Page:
Wrapping the meat in foil will limit the amount of smoke on the surface of the meat thus yielding a better color and flavor on the final product. It also adds moisture and speeds up cooking time. Wrapping should be done about half way through the cooking process or when internal meat temp is 150-160 degrees. Use two layers of heavy duty foil to wrap the meat. We recommend the following process for wrapping ribs, pork shoulder and brisket.

  • Ribs - Put the two layers of foil on a flat surface. Lay down a bed of brown sugar ¼ cup. Put 4 to 5 lines of honey on the brown sugar. Slice ½ stick of Challenge Butter and layer on top of the brown sugar. Lay the ribs meat side down on the bed of sugar, honey and butter. Sprinkle a light coat of brown sugar on the bone side of ribs and 3 lines of honey. Wrap foil tight and return to smoker or grill.
  • Pork Shoulder or Butt - Place the meat on the double layer of foil. Cover all the exposed meat surfaces with honey. Sprinkle the honey covered meat with brown sugar until it is completely covered. Sit ½ stick of Challenge Butter on top of meat. Wrap tight in the foil and return to smoker.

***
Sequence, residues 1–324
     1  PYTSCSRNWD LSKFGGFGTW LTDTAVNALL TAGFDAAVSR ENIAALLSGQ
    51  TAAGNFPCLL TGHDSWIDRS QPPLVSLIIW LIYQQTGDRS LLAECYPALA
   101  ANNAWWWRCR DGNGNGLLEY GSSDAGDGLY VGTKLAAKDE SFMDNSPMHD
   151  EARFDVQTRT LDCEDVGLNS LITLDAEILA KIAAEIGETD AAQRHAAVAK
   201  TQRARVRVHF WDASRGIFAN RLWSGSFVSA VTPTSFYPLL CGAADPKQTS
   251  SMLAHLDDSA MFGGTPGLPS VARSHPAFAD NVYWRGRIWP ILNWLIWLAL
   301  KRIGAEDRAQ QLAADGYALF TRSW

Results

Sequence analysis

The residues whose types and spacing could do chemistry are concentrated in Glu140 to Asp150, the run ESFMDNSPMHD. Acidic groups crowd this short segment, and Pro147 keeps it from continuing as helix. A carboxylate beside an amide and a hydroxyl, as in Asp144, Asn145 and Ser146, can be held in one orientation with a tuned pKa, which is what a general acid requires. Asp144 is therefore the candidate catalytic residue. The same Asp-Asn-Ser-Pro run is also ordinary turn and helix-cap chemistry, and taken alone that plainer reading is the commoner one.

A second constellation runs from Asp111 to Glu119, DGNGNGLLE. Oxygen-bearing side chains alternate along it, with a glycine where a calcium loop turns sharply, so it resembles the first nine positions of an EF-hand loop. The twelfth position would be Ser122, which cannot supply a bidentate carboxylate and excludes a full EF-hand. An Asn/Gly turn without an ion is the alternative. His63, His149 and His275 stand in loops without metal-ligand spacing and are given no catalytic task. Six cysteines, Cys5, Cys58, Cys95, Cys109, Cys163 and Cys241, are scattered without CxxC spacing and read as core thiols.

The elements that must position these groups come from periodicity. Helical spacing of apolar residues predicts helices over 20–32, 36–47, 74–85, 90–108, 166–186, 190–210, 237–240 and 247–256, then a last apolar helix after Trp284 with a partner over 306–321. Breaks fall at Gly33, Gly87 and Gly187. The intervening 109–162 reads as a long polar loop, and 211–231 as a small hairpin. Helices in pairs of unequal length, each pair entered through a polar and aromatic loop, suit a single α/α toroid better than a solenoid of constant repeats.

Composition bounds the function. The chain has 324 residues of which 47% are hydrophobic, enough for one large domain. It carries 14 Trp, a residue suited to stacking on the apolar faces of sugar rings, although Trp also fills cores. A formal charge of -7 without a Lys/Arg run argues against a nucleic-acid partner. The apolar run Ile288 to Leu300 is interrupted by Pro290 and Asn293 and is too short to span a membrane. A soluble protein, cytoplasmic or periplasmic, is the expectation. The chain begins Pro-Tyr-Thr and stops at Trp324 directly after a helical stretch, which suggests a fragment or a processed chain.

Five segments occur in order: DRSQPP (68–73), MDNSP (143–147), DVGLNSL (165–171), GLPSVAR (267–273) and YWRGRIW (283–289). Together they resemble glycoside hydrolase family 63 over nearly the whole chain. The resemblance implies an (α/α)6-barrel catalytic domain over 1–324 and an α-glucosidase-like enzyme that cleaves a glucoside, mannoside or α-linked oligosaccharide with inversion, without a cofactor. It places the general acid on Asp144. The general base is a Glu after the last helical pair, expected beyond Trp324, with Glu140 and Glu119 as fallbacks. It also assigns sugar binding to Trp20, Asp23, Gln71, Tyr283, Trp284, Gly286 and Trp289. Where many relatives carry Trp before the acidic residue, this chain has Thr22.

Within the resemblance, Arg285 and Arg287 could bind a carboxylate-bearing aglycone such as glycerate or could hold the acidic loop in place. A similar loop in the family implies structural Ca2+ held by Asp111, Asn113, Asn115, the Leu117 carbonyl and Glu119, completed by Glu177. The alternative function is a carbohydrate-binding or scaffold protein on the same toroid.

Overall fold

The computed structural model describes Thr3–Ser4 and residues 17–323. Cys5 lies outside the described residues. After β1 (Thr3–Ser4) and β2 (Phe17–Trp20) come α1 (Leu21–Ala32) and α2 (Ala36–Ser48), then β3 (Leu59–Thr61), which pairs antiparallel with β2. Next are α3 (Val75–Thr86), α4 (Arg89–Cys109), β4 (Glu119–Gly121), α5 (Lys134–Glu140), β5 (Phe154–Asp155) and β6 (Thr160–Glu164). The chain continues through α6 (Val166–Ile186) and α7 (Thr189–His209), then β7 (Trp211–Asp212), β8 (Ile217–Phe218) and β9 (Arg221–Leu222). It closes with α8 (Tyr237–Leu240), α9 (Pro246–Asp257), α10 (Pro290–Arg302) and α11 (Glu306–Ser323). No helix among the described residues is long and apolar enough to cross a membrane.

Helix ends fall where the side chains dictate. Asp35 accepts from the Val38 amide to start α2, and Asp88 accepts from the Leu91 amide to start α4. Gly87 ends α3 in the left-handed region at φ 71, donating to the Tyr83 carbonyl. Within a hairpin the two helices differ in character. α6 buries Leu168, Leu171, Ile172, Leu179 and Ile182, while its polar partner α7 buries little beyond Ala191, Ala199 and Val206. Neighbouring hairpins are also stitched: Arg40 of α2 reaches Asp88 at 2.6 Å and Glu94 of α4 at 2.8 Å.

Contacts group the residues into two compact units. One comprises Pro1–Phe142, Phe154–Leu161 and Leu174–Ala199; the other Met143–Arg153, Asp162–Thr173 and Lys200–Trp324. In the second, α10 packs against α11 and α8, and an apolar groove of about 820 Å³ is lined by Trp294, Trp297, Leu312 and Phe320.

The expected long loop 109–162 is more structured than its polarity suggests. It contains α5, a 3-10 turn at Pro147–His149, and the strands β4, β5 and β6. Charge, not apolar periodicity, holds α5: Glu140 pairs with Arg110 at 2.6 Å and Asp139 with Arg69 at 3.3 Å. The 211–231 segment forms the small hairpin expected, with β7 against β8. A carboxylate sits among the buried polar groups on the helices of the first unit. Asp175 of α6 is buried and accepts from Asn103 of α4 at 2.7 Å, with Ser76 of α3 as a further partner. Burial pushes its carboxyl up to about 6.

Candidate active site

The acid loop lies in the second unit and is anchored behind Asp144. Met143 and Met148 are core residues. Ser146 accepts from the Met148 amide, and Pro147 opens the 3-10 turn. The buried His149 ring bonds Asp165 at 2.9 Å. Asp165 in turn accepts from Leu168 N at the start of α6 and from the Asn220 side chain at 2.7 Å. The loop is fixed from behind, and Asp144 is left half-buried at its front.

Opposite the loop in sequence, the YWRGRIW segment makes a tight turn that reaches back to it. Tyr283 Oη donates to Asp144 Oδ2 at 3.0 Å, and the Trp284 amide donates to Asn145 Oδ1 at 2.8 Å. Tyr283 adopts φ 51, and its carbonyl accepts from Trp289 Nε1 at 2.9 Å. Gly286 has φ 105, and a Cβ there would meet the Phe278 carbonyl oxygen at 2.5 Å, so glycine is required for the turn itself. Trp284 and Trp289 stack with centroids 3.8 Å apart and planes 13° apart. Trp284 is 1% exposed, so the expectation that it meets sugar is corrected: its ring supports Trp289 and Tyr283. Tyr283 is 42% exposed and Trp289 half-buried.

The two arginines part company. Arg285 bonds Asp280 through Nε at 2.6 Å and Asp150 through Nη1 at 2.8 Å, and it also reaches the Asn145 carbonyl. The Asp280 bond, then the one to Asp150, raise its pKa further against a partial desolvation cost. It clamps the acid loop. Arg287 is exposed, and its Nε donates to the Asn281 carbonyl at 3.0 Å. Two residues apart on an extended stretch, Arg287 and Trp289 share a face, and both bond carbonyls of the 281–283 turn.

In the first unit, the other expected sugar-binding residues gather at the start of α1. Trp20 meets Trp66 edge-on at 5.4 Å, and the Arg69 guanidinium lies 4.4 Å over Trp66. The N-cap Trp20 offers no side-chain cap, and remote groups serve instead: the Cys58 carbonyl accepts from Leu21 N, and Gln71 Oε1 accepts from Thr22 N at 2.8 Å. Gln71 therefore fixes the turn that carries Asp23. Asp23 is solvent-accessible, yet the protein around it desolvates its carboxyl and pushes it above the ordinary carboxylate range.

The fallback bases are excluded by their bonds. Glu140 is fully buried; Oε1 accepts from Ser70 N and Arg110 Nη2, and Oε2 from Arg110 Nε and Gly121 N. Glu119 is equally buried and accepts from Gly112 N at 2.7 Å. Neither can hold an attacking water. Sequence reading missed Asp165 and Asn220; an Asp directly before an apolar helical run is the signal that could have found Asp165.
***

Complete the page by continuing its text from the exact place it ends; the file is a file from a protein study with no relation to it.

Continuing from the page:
• Brisket - Place meat on a double layer of foil. Place one stick of Challenge Butter on top of meat. Wrap the meat in the foil leaving one end open. Pour 1 1/2 cups of beef broth in the open end and then complete wrapping. Return to smoker.

Tip #4: Touch, not thermometer, tells you when meat is done.

Many people use cooking time or internal meat temperature to determine when the meat is done. Cooking times and temperature will vary with different cuts of meat. The only true way to tell when BBQ meats are done is by feel. Use a meat probe, instant read thermometer or a round toothpick and probe the meat. When the object penetrates the meat like it would a stick of butter, with little or no resistance, the meat is done.

Tip #5: Let it rest.